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1. Governor Raimondo returned Friday evening after a whirlwind trip to Idaho for Allen & Co.’s annual Sun Valley Conference. “It’s a lot packed into a few days,” she said in a phone interview while traveling home. “You start with a 6:30 a.m. breakfast, then go until 10 or 11 at night. I try to meet as many people as possible in a short amount of time.” The gathering of tech and media moguls was a target-rich environment for the governor to pitch Rhode Island while hearing what’s top of mind for CEOs making expansion decisions. “In general, fast-growing companies — they’re just obsessed with talent,” she said. That’s particularly true, she said, as existing hubs like New York and Silicon Valley hit limits. “There is a total focus on tech talent, design talent, machine learning, A.I. — it’s just talent. It’s all I hear as the great limiting factor to growth.” The governor said she responded by highlighting the state’s colleges as well as education initiatives like K-12 computer science and the Wavemaker Fellowship. “The [initial] reaction almost always is kind of, well, why would I consider Rhode Island? And then when I go through the pitch, almost always people say some version of, ‘I didn’t know that. I didn’t realize that. That’s better than I realized.'” As for results, Raimondo said some of her conversations ended with promises to “send somebody to check it out,” while others just promised to keep the state in mind. She said, “I really believe it’s all cumulative.” The governor’s trip came the same week CNBC gave Rhode Island a black eye by pushing it back to last pace in the TV network’s business rankings; Raimondo called that “disappointing” and a sign “we’ve got to keep working,” though she also pointed to a U.S. News list that ranks Rhode Island 28th. As for whether the CNBC ranking cast a pall over her conversations in Sun Valley, she said, “No — it did not come up. It definitely did not come up.”
2. Lobbyist Frank O’Brien may have done the best job summarizing the intensifying IGT-Twin River feud this week when he tweeted, “It’s the ‘full Rhode Island.'” The betting businesses’ battle over IGT’s proposed contract extension features an all-star cast of politicos: Don Sweitzer, Marc Crisafulli, Bob Goldberg, Mark Ryan, George Caruolo, David Cruise, Chris Boyle, Peter Baptista, Andrew Annaldo, Patti Doyle, Bill Fischer, plus others waiting in the wings. IGT officials seem slightly surprised by the ferocity of the assault led by newly minted Twin River exec Crisafulli, an IGT alum from its GTECH days. They’ve also grumbled about Twin River trying to turn itself into Common Cause by raising good-government concerns about IGT getting a contract extension without going out to bid. (Particularly since Twin River itself got a no-bid contract to run the two casinos.) Yet there’s a reason Twin River is getting a hearing: Governor Raimondo’s proposed contract extension is worth at least $1 billion to IGT over 20 years, it affects about $400 million a year in state revenue, and Rhode Islanders are understandably wary about anything that looks like “special deals for special people,” to use Raimondo’s phrase. Key context: both companies have transformed since they got their current deals in the Carcieri era. IGT is a publicly traded, Italian-controlled, U.K.-based corporation, with $4.8 billion in revenue and over 12,000 employees worldwide. (IGT’s Providence tower is one of its three principal operating facilities.) Twin River Worldwide Holdings is now publicly traded, too, but it’s considerably smaller than IGT, with $438 million in revenue and 4,900 employees last year. “Both companies seek crony capitalism no-bid state contracts,” tweeted Scott MacKay. “Hard to root for either. One fact: IGT can move its operation anywhere, Twin River can’t.” IGT is likely to lean on that threat to employment in Rhode Island, as well as Twin River’s lack of experience in the gaming tech space, over the coming weeks. But Crisafulli knows the business well from his years at GTECH, so Twin River can’t be counted out.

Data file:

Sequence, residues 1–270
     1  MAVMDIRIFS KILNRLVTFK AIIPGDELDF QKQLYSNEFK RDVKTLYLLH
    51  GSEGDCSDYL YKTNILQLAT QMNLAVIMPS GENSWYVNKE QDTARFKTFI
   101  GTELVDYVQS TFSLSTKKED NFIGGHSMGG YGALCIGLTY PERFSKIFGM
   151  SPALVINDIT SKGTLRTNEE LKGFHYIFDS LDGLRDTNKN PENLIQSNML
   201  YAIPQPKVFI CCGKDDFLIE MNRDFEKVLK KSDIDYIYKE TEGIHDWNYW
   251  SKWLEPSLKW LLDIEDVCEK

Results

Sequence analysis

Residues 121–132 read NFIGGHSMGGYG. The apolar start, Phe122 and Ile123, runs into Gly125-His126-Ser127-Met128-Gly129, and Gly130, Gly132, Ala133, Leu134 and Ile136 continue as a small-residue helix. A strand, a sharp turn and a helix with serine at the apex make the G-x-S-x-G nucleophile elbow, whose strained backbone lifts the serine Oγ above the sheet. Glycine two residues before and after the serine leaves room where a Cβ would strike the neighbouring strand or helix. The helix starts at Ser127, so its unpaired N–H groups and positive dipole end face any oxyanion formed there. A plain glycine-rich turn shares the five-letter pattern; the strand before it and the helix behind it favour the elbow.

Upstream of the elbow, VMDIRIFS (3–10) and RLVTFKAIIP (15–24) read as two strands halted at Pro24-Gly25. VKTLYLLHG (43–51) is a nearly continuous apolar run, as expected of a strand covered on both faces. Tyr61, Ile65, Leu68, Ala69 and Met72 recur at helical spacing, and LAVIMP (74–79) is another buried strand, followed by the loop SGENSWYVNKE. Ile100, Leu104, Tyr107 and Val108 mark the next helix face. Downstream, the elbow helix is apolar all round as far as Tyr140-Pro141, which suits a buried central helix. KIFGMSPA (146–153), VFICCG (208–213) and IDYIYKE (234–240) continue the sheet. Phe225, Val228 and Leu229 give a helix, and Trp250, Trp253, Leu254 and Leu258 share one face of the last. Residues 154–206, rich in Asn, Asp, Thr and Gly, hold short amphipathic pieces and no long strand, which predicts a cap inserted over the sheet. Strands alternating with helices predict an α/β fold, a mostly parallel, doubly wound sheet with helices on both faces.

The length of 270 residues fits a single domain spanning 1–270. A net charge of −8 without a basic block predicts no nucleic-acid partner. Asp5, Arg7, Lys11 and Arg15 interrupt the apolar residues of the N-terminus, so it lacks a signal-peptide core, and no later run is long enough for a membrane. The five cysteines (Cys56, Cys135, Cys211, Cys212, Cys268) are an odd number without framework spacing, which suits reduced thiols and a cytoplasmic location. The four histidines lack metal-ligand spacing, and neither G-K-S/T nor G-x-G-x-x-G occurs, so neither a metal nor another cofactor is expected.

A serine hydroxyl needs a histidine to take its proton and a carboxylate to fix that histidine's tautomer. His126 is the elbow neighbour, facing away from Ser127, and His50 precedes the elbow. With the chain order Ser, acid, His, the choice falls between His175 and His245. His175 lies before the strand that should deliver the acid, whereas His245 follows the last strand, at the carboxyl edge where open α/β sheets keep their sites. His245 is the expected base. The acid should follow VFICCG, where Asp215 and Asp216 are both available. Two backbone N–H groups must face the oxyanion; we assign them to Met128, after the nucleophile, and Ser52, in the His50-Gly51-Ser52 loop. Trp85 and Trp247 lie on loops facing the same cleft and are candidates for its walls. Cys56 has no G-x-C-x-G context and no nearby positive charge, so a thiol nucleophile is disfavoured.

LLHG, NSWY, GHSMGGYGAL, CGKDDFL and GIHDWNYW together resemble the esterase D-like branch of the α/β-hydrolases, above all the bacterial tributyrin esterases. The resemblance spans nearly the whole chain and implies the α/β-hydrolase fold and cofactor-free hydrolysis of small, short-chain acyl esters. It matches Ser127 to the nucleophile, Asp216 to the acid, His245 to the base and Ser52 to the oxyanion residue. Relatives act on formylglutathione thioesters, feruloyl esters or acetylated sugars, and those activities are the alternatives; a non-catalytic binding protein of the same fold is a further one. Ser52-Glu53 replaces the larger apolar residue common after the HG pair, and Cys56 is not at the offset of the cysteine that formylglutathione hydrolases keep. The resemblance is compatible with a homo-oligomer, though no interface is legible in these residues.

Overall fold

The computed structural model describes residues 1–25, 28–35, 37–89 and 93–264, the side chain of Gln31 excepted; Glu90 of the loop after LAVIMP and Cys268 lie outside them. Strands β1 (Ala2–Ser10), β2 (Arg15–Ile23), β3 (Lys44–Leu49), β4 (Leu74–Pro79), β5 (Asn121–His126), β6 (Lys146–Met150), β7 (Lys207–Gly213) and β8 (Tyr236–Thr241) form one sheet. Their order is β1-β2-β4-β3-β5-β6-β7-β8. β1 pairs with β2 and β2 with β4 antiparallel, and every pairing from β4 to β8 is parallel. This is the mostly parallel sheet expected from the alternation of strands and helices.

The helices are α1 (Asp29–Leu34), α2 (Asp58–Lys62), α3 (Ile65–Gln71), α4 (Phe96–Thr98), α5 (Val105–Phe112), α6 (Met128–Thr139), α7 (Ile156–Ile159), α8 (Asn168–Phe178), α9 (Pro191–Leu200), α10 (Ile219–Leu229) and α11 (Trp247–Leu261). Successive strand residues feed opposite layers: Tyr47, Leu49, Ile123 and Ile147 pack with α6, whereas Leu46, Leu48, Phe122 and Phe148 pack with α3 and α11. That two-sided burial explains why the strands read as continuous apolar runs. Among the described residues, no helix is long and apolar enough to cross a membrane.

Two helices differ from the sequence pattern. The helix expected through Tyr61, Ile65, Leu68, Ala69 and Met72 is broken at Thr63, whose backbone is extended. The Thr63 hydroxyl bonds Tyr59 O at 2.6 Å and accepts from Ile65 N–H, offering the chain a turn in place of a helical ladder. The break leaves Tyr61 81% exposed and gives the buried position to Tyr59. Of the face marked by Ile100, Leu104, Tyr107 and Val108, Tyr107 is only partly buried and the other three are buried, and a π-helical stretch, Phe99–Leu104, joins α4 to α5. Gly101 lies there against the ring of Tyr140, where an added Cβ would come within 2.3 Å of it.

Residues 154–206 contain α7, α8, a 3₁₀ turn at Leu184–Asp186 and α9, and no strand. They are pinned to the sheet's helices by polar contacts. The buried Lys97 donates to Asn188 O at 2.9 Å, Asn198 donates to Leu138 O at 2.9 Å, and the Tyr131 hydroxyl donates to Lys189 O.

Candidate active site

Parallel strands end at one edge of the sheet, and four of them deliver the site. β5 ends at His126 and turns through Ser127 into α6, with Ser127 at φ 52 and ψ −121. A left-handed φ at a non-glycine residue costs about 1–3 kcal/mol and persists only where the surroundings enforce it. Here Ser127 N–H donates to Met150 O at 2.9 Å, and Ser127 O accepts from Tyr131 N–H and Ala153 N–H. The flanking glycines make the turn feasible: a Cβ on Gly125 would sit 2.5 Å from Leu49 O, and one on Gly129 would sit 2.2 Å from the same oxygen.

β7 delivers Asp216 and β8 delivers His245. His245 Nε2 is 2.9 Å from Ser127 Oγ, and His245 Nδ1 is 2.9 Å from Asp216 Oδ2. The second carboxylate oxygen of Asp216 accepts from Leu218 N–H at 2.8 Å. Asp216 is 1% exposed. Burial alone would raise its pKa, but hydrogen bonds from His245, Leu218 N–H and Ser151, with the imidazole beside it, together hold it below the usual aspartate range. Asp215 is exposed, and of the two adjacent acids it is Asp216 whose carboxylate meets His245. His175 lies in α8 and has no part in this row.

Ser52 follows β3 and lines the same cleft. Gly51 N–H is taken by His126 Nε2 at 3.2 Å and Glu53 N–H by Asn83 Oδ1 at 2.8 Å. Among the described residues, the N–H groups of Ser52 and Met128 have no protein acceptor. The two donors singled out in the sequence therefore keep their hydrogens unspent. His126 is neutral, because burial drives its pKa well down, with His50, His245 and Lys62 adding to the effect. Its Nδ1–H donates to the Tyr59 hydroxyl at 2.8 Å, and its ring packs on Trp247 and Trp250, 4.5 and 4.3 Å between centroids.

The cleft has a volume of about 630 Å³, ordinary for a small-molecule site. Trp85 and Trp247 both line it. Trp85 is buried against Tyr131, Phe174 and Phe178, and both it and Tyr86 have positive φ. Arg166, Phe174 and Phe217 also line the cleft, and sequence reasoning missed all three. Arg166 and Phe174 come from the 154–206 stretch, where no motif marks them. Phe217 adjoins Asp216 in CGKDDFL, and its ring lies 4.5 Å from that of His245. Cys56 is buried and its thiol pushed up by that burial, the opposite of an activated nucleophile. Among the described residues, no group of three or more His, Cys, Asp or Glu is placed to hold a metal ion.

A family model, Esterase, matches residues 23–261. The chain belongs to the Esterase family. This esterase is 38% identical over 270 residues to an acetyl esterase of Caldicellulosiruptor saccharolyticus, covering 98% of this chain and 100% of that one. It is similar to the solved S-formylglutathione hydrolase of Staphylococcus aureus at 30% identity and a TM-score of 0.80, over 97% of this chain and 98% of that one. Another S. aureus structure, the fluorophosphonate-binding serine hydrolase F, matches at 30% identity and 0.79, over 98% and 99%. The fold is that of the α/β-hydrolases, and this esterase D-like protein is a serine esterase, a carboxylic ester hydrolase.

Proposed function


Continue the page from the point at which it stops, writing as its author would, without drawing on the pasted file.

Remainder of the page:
3. The CNBC list drew a lot of attention on social media, including from economic-development expert Bruce Katz, who tweeted: “I find this ranking difficult to understand given large drop in RI unemployment, investments in infrastructure, off-shore wind, innovation vouchers + innovation campuses, attraction of Infosys and other significant companies and many other smart moves.” Turns out Katz had good reason to have Rhode Island on the mind: on Wednesday night I ran into him in Providence, and discovered he was in town to interview with Commerce RI about writing its new economic development study. Katz, of course, helped put together the 2015 Brookings Institution report that provided the blueprint for the Raimondo administration on economic development. Katz has since left Brookings, and now runs a consultancy called New Localism Advisers. The other three contenders are Camoin Associates, TIP Strategies, and The Research Associates. Commerce spokesperson Matt Sheaff says there’s no timeline yet for making a pick.